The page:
The last day of our trip was spent all over the map – quite literally – since we had a few major destinations we wanted to fit in. First up was a half-day trip out of the city to the quaint village of Giverny, best known for being the home to Monet’s gardens.
We took a 45-minute train ride through a bit of lovely French countryside to the small town of Vernon. From there, we rented bikes for the 6km trip to Giverny. This was a wonderful choice, especially since we had perfect weather. I think we both enjoyed the ride to and from Giverny almost as much as the destination itself.
We went straight to Monet’s home. The gardens behind his home/studio did not disappoint, even in mid-October when it would have been understandable to have less-than-exciting gardens:
Next we crossed under the road and visited the setting for the famous Water Lilies.
If we were to do this again, I’d give ourselves more time in Giverny. We would have liked to explore some of the little art galleries or cafes, but we had to get back to Vernon to catch the train so that we could finish up our Paris sightseeing. The bike ride back was just as fun and scenic as the ride to Giverny, though.
We had time to stop in a cute little patisserie/cafe in Vernon to enjoy a bite for lunch (and a treat of macarons, of course) before returning our bikes and boarding the train back to Paris.
The train station was on the north side of Paris, which was perfect because we had not yet had time to really explore the Montmartre area, even though we had been there two days earlier for our cooking class. First stop: La Basilique du Sacre Coeur, which sits atop the only real hill in Paris.
After touring the interior of the church (no photos allowed), we walked around the neighborhood a bit. Montmartre is known for its artsy, bohemian scene.
Before leaving the neighborhood, we stopped at a cafe for a late-afternoon glass of wine. At this point we debated whether we should go back to the hotel, but we decided we didn’t have time since we still had more to explore!
We traveled by subway to Rue Cler, a well-known market street. Unfortunately, since it was early evening by now, many of the shops were closed, but we still got a taste of what it would be like. It would definitely be more fun to visit in the morning and see the hustle and bustle. We stopped for dinner and enjoyed some lovely omelettes, and then picked up some crepes (yum, nutella!) to eat on our walk. I was really excited about our next destination, which we had intentionally saved for a nighttime visit. As we walked, I knew that if I glanced to the right I could probably catch a few glimpses, but I purposely kept my focus straight ahead. I wanted to enter the park, make a turn to the right, and see this:
It was worth the wait to see the illuminated Eiffel Tower in full view!
A few days earlier, we had purchased tickets to go up to the second level of the tower (not the top) at 10pm. We had about an hour to kill, and I didn’t have my much-needed jacket (it was much colder this evening than any other evening of the trip), but we waited it out. Unfortunately, I would have to disagree with our guidebook’s advice about buying tickets in advance, because others were able to walk right up to the ticket counter, buy tickets, and get in line for the elevators, and we had to sit and wait. Eventually, we made it up and saw the views of a lit-up Paris. I was too cold to enjoy it much (as evidenced below), but Craig explored a bit.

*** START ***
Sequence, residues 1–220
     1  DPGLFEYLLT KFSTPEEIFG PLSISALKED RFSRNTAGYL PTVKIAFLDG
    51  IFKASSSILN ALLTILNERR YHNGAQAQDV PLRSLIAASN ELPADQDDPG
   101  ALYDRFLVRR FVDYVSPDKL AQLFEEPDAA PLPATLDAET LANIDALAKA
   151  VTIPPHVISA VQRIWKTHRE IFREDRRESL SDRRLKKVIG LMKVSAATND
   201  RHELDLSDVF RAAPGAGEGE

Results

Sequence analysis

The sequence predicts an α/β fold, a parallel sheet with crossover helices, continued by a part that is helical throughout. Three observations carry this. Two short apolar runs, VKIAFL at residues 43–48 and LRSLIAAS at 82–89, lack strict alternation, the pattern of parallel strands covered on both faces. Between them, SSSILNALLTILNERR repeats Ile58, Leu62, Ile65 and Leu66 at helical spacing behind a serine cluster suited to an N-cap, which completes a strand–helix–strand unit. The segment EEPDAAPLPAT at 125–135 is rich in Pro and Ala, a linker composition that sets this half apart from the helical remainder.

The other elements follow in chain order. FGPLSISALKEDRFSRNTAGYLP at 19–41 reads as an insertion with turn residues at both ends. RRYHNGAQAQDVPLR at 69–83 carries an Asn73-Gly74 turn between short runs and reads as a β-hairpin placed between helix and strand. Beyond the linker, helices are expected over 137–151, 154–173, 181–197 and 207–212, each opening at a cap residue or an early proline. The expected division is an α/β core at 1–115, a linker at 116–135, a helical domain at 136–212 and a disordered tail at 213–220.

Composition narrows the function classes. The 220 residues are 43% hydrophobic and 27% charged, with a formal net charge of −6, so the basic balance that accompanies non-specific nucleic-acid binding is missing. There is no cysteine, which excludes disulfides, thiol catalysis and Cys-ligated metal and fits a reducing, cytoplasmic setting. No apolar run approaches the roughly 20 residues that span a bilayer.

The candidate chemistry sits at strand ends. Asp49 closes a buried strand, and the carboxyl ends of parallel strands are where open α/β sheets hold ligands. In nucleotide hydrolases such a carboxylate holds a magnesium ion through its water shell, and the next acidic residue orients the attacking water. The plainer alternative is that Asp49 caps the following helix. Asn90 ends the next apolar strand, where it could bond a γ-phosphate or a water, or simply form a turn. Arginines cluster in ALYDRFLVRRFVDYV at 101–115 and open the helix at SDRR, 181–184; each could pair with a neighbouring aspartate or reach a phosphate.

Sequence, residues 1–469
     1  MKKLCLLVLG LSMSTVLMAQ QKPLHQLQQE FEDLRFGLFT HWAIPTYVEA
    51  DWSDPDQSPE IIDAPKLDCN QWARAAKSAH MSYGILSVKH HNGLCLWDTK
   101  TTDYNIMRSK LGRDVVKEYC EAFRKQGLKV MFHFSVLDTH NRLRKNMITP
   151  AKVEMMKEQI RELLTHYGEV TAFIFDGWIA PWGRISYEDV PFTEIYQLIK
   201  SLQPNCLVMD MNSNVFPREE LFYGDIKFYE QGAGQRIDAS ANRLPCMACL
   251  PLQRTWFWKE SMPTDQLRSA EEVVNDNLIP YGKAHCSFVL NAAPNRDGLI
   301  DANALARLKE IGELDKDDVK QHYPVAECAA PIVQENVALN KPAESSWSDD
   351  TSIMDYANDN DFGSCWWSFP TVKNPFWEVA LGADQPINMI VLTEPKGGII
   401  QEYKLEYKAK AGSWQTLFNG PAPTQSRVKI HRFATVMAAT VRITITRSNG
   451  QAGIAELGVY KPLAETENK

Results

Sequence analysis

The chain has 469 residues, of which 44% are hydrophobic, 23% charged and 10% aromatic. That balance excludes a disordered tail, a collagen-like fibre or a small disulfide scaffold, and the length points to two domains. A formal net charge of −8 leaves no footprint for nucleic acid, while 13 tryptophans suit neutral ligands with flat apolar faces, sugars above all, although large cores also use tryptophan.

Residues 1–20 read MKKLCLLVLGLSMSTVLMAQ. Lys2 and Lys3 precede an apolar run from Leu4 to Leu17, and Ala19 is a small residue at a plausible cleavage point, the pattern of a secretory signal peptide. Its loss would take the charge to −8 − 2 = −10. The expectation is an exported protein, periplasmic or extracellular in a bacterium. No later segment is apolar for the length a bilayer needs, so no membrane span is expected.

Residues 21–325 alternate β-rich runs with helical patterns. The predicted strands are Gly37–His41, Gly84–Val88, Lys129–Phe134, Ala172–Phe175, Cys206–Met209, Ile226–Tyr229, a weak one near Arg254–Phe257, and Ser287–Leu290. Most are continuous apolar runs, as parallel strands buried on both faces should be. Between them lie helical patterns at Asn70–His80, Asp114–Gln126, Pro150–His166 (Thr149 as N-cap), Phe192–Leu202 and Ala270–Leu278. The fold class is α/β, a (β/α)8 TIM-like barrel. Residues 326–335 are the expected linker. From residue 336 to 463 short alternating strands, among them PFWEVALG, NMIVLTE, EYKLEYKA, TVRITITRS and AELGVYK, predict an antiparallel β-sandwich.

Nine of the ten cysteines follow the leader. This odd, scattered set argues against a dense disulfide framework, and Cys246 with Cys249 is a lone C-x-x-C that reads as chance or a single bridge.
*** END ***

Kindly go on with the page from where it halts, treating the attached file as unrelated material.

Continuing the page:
We took the subway back to the Odeon neighborhood and walked the stretch to our hotel for the last time, exhausted (but happy) from an extra-long, extra-busy day.
The following morning we had one last Parisian breakfast at a cafe around the corner from our hotel – baguettes and croissants and coffee and hot chocolate – and then headed off for the airport. We had our only real glitch here, with luggage in tow, when we couldn’t buy tickets at the commuter train station. The ticket window was closed and the machines wouldn’t take our US credit card. So, since I am the better navigator of the two of us, I left Craig with all of our bags and headed out to try to buy tickets. The next station didn’t have a window, and a nearby newstand only sold tickets in batches of 20. We didn’t have enough cash (or want to spend the money) for a taxi, but I knew we could stop at an ATM and go that route if we really needed to. I decided to go back to Craig and we would walk together to the next station that the newstand man told me would have a ticket window. Of course, when I got back, our ticket window was open, we bought our tickets, and all was well. This little diversion cost us about 30 minutes, so we were glad we had given ourselves plenty of time to get to the airport.
Our trip was absolutely wonderful, and we are both so happy that we took it. We hemmed and hawed over whether we should spend the money on a trip like this, especially after our hurricane issues and getting the news in mid-September that we could receive a referral any day. (Ha!) But at that point the airfare was paid for (and nonrefundable) and we decided to go for it. And we enjoyed every single second of it. We needed the break from real life and we were able to enjoy a truly special experience for just the two of us before we become a party of three. We will treasure the memories forever.